A red tag sale at a department store might give you some serious deals, but a red-tagged furnace means your appliance has a serious problem
You hired an expert to conduct your bi-annual HVAC inspection, but now your pro tells you that your furnace has been red-tagged. That isn’t exactly a dream scenario, but it’s one that homeowners may have to face. We’ve broken down all the nuts and bolts of red-tagging, including what it means, what causes it, and what to do next.
What Does Red-Tagging Mean?
The red tag designation is assigned by either an HVAC pro or a utility worker, and it means the appliance is not safe to operate in its current condition. Red-tagging can apply to any appliances that require gas for operation, including water heaters, dryers, stoves, and, of course, furnaces. Whichever professional has red-tagged your appliance will shut off the gas to your home until the problem is resolved.
Causes of Red-Tagging
As far as your home’s heating system is concerned, there are a few root causes that will get your furnace red-tagged.
Blockages in vents or chimney: Any blockage in your vents or chimney will cause the carbon monoxide (CO) that’s supposed to be released from your system to flow back into your home, which can lead to carbon monoxide poisoning.
Cracked vents: Cracked vents render the safety seals on your HVAC system useless, releasing CO into your home.
Cracked heat exchanger: The heat exchanger on your furnace is the element that separates the safe hot air from carbon monoxide when the gas is burned. When the exchanger cracks, the hot air and gas can mix together and make their way into your home.
Electrical hazards: If you live in an area that frequently experiences flooding or heavy rains, your furnace could get damaged by the water and cause CO to leak into your air.
Other problems: There are several other things that can cause your furnace to be red-tagged, including a gas leak caused by built-up pressure and dirt buildup on the heating coils.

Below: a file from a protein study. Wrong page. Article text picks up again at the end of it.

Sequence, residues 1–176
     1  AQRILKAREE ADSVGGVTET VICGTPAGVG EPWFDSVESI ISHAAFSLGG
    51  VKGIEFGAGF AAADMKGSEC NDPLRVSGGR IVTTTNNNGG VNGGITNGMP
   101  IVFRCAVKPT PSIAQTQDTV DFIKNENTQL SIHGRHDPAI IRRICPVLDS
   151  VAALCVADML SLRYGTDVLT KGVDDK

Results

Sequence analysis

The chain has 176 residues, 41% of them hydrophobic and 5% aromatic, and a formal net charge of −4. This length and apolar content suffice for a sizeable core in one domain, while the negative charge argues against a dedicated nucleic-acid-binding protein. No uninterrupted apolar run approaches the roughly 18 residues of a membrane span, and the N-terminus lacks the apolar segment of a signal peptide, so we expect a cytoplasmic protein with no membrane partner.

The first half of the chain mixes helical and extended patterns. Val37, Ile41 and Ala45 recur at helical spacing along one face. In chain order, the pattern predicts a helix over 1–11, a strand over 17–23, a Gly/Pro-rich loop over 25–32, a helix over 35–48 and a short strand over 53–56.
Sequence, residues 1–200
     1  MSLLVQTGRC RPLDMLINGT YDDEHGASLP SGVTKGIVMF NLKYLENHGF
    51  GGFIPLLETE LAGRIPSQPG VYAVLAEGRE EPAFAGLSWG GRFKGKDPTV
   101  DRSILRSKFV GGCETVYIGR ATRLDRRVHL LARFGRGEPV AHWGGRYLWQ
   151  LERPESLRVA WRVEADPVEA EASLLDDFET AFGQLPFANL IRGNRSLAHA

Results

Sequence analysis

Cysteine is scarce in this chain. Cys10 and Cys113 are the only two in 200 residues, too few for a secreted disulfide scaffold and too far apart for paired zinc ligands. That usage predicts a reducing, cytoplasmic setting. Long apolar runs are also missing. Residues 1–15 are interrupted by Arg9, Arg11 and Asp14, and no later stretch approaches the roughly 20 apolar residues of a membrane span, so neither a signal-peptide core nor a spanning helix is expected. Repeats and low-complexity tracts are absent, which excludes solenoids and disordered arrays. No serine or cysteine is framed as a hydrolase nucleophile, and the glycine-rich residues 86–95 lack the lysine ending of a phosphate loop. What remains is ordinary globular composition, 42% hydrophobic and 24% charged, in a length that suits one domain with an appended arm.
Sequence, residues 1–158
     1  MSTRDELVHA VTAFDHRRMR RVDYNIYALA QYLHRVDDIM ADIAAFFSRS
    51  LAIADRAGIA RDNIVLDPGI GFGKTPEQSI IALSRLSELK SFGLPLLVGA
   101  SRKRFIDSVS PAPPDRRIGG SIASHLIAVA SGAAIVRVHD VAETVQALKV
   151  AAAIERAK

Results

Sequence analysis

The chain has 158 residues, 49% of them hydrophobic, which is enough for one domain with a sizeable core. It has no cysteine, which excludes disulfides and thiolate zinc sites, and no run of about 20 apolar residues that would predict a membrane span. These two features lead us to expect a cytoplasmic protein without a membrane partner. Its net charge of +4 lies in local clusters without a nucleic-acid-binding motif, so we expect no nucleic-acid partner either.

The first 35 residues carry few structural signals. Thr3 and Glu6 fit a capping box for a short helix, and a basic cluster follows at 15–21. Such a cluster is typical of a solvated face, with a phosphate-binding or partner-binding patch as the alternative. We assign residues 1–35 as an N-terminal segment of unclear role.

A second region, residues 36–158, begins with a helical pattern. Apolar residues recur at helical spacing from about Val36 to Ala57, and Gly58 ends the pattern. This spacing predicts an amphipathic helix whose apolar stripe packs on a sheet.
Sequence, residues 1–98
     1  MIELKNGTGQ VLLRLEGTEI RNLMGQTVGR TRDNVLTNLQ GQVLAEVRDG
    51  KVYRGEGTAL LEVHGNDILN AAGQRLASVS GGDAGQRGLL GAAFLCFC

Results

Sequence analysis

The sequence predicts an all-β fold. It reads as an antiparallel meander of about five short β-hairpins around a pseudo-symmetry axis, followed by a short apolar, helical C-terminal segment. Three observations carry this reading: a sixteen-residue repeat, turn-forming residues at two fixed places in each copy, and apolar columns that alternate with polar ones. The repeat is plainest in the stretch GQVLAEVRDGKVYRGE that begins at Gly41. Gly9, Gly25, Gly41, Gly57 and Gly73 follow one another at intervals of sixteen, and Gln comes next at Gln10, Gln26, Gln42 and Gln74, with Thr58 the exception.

Types of Red Tags
There are two types of red tags that a technician can issue: Type A and Type B.
Type A: This type of tag represents more severe gas leaks that are an immediate hazard to your health, such as a severe carbon monoxide leak. If there’s a Type A leak, the technician will immediately shut off your gas until the problem is resolved.
Type B: These tags indicate that there isn’t an immediate danger to the home’s occupants, but there is an issue that needs to be addressed. With Type B tags, you usually have 30 days to make the necessary repairs.
Repair or Replace a Red-Tagged Furnace?
The choice between repairing or replacing your furnace depends on a couple of factors. First, check your warranty. A cracked exchanger is a costly replacement, but it may be covered under your furnace’s warranty. If it’s not covered, it may be less expensive to replace the furnace because, in order to repair the exchanger, the entire furnace has to be dismantled by a pro.
In many cases, the only fix for a red-tagged furnace is to replace the entire unit. If you have to replace your system, you can breathe easier knowing that in addition to being safe, a new furnace will be more energy efficient than an older model and increase your home value.
Get a Second Opinion
If your furnace has been red-tagged, you should get a second opinion from another HVAC professional before moving forward with repairs or a replacement. Get a second look to confirm the accuracy of the first opinion and avoid unnecessary work or expenses.
Cost of Repairing or Replacing a Furnace
If you can’t repair your red-tagged furnace or the repair will cost more than half the price of a new appliance, you probably want to consider investing in a new furnace. Furnace repairs can range from as low as $130 to upwards of $2,000, depending on the issue.
On the other hand, new units cost between $2,000 and $6,000, including installation, so take that into account when speaking with a pro about repairs.
How to Avoid Red-Tagging
Sometimes, age and use simply wear a heating system down. However, an annual or biannual inspection and cleaning will help keep your HVAC system in its best shape and detect any problems that may be on their way.